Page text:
Nagoya has a large number primary and secondary schools, which are mostly state-run. A large number of state and private colleges and universities exist throughout the city as well, with many located on the eastern side of the city. Some educational institutions were founded during the opening of the Meiji era according to a Western system, with more to follow during the Taisho and Showa eras.
Nagoya University was set up in 1871 as a medical school. Nanzan University was set up by the Jesuits in 1932 as a high school and expanded throughout the decades to include Nanzan Junior College and the Nanzan Institute for Religion and Culture. Some universities specialise in engineering and technology such as Nagoya University Engineering school, Nagoya Institute of Technology and Toyota Technological Institute, since the city is a hub of industrial activity, and receive support and grants from companies such as Toyota.
The old Nagoya Court of Appeals building, today the city archive
Other colleges and universities include Aichi Prefectural College of Nursing & Health, Aichi Shukutoku Junior College, Aichi Toho University, Chukyo University, Daido University, Doho University, Kinjo Gakuin University, Kinjo Gakuin University Junior College, Meijo University, Nagoya City University, Nagoya College of Music, Nagoya Future Culture College, Nagoya Gakuin University, Nagoya Management Junior College, Nagoya Women's University, St. Mary’s College, Nagoya, Sugiyama Jogakuen University, Sugiyama Jogakuen University Junior College, Tokai Gakuen Women’s College. Various universities from outside Nagoya have set up satellite campuses, such as Tokyo University of Social Welfare.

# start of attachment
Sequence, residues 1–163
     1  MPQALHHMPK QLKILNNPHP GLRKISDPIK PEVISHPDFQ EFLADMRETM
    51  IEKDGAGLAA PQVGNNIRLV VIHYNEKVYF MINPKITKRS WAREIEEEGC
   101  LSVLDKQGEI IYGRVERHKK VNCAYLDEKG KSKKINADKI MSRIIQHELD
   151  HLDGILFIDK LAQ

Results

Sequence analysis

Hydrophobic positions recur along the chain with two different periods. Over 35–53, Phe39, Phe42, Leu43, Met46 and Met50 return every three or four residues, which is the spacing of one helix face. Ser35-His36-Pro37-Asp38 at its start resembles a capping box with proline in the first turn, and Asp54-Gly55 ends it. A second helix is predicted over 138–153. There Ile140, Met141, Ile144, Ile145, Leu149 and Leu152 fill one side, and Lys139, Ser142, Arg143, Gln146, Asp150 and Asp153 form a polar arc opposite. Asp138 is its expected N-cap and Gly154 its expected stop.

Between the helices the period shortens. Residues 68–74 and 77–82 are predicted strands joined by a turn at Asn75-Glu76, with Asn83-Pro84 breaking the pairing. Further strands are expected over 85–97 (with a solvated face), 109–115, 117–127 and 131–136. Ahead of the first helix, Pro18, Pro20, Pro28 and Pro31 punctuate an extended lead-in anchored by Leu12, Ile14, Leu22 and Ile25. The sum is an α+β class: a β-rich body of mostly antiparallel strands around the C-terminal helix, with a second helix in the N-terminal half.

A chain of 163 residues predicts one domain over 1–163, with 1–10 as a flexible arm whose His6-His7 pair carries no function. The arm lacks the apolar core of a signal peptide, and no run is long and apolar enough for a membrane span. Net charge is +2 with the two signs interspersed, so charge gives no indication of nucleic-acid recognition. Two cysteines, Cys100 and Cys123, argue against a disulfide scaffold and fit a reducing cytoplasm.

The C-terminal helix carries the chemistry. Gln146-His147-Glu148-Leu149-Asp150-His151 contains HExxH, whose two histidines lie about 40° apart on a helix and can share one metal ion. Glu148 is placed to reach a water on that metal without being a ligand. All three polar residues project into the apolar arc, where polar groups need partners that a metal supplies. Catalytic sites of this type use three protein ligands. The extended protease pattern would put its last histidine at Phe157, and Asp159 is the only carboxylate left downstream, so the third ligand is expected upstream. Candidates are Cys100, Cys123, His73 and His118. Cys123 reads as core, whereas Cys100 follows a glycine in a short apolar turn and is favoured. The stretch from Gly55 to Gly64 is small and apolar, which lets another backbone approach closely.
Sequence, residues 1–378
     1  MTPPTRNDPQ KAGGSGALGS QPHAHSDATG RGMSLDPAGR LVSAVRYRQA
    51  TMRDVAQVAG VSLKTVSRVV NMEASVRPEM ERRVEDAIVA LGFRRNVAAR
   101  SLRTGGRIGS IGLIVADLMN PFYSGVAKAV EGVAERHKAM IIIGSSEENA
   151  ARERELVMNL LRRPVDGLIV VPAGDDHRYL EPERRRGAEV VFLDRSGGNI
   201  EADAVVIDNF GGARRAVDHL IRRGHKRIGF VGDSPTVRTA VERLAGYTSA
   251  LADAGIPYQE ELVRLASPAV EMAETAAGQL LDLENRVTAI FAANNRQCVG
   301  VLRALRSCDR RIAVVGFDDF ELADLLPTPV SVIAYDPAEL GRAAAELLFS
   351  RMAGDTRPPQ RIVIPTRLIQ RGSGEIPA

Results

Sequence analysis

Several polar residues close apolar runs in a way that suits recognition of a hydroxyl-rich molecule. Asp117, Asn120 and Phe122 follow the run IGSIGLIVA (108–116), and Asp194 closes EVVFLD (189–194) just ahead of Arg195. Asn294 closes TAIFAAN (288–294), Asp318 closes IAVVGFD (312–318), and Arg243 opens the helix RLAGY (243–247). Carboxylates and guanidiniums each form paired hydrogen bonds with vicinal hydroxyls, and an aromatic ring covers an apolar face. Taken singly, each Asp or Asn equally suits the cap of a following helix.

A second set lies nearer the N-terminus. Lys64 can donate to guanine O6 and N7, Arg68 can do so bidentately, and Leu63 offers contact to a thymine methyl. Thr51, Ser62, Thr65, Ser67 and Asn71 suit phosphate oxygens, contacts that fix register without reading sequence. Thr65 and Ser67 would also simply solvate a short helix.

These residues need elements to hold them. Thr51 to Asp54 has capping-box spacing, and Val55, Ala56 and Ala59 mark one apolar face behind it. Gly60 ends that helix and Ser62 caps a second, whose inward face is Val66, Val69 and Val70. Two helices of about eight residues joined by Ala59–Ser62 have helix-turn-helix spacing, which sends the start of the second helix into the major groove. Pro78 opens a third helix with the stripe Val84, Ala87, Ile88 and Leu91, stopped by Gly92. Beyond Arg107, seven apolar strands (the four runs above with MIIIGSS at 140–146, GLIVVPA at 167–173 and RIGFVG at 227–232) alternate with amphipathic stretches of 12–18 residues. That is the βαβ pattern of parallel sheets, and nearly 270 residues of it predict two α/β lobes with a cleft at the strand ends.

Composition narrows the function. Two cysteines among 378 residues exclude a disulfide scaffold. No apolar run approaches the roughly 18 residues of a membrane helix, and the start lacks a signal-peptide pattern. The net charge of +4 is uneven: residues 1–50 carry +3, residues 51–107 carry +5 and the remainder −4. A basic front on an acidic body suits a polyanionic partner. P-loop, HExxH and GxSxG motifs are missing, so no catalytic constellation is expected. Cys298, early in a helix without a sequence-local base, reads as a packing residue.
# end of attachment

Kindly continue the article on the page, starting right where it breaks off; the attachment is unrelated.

The Hosa Library dates back to the 17th century and houses 110,000 items including classic literature, an heirloom of the Owari Tokugawa bequeathed to the city. The Nagoya City Archives have a large collection of documents and books. Tsuruma Central Library is a public library and Nagoya International Center has a collection of foreign-language books.